Personification In The Three Ravens

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“The Three Ravens” is an english folk ballad, which was first printed in a song book Melismata compiled by Thomas Ravenscroft. It was published in the year 1611.
It is a ballad about three ravens who take up a scavenger bird conversation about where and what they should eat for breakfast that morning.
In the ballad “The Three Ravens” Thomas Ravenscroft uses personification and colourful imagery to discuss the ballad, and in the ballad the reader is led to expect something, but we discover a whole new theme in the ballad which is very interesting to know about. And the Thomas Ravenscroft uses a non-scavenger as a scavenger bird in the ballad.

“There were three ravens that sat on a tree.” (Ravenscroft,Thomas,“The Three Ravens”(1611) Ballad provided by the instructor). According to the poet he says that there were three ravens who sat on a tree “They were as black as they might be.” (Ravenscroft,Thomas,“The Three Ravens”(1611) Ballad provided by the instructor). As we all know that all ravens are black. When one of the raven asks the other ravens what is their breakfast for today.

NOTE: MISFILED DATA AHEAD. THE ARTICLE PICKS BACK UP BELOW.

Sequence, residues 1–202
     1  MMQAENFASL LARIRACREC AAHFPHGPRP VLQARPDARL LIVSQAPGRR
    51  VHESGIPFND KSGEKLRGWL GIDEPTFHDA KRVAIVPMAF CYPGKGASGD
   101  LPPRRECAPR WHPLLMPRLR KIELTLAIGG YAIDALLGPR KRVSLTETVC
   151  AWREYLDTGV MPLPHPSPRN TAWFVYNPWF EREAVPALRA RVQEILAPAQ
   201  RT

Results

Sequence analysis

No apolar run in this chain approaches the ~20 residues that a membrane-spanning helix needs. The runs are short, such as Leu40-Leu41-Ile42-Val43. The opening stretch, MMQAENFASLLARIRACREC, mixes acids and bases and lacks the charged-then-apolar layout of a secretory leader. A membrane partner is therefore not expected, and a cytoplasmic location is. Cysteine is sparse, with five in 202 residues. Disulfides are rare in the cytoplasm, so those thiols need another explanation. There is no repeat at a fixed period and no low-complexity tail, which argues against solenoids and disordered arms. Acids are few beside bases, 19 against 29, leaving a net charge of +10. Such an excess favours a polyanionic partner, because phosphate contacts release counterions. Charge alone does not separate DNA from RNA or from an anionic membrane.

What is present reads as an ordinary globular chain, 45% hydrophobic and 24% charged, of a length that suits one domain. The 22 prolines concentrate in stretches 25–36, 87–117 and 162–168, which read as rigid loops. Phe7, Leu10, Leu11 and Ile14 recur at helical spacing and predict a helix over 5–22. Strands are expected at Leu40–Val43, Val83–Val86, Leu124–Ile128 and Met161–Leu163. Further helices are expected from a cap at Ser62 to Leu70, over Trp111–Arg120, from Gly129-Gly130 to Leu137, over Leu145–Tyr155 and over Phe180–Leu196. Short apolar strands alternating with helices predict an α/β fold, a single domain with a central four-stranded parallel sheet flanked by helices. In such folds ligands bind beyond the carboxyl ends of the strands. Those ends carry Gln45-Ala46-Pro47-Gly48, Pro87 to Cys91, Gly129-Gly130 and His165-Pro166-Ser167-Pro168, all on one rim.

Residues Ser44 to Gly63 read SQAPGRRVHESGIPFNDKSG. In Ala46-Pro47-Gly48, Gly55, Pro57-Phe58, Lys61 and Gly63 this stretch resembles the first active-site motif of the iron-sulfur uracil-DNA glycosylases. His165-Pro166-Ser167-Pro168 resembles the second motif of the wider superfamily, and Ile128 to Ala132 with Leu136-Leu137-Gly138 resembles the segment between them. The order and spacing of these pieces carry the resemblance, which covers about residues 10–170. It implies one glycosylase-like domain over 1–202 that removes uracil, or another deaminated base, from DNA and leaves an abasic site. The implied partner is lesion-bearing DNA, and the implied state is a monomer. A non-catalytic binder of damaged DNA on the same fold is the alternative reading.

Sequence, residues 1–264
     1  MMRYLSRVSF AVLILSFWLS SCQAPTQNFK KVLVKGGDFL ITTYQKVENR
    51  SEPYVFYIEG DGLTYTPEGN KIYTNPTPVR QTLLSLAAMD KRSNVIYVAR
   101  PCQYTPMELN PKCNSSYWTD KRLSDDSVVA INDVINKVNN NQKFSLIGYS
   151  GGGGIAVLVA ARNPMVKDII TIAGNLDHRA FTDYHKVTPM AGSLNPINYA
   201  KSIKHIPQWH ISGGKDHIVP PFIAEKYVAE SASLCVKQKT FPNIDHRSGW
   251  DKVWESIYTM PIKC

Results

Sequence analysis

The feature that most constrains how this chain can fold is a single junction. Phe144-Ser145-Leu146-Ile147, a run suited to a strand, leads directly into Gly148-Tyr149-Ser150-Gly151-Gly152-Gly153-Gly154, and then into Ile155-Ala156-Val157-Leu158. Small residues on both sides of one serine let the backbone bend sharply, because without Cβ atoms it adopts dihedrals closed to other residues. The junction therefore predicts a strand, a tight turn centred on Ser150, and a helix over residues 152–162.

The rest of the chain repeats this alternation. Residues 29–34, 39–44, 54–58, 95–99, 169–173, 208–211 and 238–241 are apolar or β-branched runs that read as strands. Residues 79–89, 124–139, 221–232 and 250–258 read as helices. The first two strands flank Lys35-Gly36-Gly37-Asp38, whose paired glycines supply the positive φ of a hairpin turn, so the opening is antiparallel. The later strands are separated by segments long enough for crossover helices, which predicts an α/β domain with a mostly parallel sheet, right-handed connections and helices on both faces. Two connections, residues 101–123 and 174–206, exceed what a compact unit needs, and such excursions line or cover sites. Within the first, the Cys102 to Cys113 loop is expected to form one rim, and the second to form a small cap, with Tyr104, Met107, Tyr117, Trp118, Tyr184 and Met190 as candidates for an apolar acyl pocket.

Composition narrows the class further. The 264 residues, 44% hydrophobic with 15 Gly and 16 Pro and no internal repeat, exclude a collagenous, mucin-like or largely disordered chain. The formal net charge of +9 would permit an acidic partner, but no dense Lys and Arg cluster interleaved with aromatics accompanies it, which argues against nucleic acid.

“Down in yonder green fields, There lies a knight slain under his shield.”(Ravenscroft,Thomas,“The Three Ravens”(1611) Ballad provided by the instructor). one of the raven tells the other ravens that our breakfast is the green field, were lies a knight who is dead. And the knight is being guarded by a shield. In this ballad the ravens are considered as scavengers which is wrong, because as we all people know that ravens are not scavengers and they mostly feed other small insects and worms and they also feed on eggs of other smaller birds.

In this ballad “The Three Ravens” the ravens are considered as wild birds who feed on dead organisms. But ravens as we know are not tame animals as they do not welcome any human presence near them but they also do not depend on dead meat as given in the ballad. In the Ballad “The Three Ravens” the ravens are mostly given a character that is suitable for a scavenger like vulture.

“Down there comes a fallow doe, As great with your as she might go.”(Ravenscroft,Thomas,“The Three Ravens”(1611) Ballad provided by the instructor). Now in the ballad there is a magical touch where there is a lady who is
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